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Grokking The Gimp
Previous Page Home Next Page Working with the Threshold Tool

The Threshold tool allows you to specify a range of values in an image. All the pixels that are in the range of the selected values are mapped to white, and the rest are mapped to black. Threshold is a powerful tool for automatically creating masks. This is illustrated in the following example.

Figure  4.43

Figure 4.43: Pasting the Image into Its Own Channel Mask
Figure 4.43

illustrates the first step of using Threshold to create a natural mask. In the example, we want to make a selection of the partially blooming flower in Figure  4.43(a). We begin by copying the image in Figure  4.43(a) into a channel mask. This is done by creating a new channel mask in the Channels dialog, and then copying and pasting the image layer to the mask using C-c and C-v (see Section  2.4). Figure  4.43(b) shows the resulting Channels dialog, and Figure  4.43(c) shows that yellow is chosen as the mask color. This color was chosen to contrast against the dark background of Figure  4.43(a). Since a channel mask is only 8 bits deep, pasting the color image into the channel mask immediately converts it to a grayscale. This can be seen in Figure  4.43(d), which was obtained by toggling on the channel mask's Eye icon and toggling off the image layer's Eye icon.

The Threshold dialog works by clicking and dragging out a part of the range of values in the histogram. The range of values in the histogram is in [0,255], and, as can be seen in Figure  4.44(b),

Figure 4.44: Applying Threshold to the Channel Mask
Figure 4.44

the range that has been selected is from 72 to 253. Sweeping out values in the Threshold dialog's histogram immediately maps to white the pixels in the active layer (here the channel mask) having these values. The pixels having values outside the swept range are mapped to black. Thus, the channel mask that was a continuously varying grayscale image is converted to a binary black-and-white one. Figure  4.44(a) shows the channel mask before the application of Threshold, and Figure  4.44(c) shows the channel mask after the application of Threshold.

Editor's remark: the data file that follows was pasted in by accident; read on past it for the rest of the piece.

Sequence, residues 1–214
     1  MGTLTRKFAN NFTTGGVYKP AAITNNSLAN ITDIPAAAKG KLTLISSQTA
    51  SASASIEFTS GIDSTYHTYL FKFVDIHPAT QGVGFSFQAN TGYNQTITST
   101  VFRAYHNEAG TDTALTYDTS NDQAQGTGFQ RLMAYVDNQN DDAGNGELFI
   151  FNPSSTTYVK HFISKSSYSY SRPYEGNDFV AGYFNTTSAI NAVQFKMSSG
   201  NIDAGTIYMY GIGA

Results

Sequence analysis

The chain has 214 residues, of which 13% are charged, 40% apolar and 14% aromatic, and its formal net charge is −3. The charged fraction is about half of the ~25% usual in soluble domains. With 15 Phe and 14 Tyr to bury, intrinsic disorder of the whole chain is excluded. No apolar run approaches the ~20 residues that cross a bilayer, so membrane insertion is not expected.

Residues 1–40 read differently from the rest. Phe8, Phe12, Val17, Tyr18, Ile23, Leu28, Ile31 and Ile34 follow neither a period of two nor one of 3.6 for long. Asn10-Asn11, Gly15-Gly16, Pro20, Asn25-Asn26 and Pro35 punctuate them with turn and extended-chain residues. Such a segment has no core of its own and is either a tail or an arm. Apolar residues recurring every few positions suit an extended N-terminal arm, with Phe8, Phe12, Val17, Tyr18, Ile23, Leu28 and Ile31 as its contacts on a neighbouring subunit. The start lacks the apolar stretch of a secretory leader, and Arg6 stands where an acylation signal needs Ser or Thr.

Toggling the image layer's Eye icon back on allows the channel mask to be seen over the image, as illustrated in Figure  4.45.

Figure 4.45: The Resulting Mask Defects as Seen in the Image Window
Figure 4.45

The parts of the image layer corresponding to the white parts of the channel mask can be seen clearly in the image window. The parts of the image corresponding to black parts of the channel mask are masked by a partially transparent yellow film.

As shown in Figure  4.45, the result of using Threshold produces an almost perfect mask for the flower. However, several defect regions remain. There are certain parts of the image that should be masked but aren't, and there are parts that are masked but that shouldn't be. These regions are easily removed using the Lasso and the Paintbrush tool.

Figure  4.46(a)

Figure 4.46: Using the Lasso Tool to Remove Defect Regions
Figure 4.46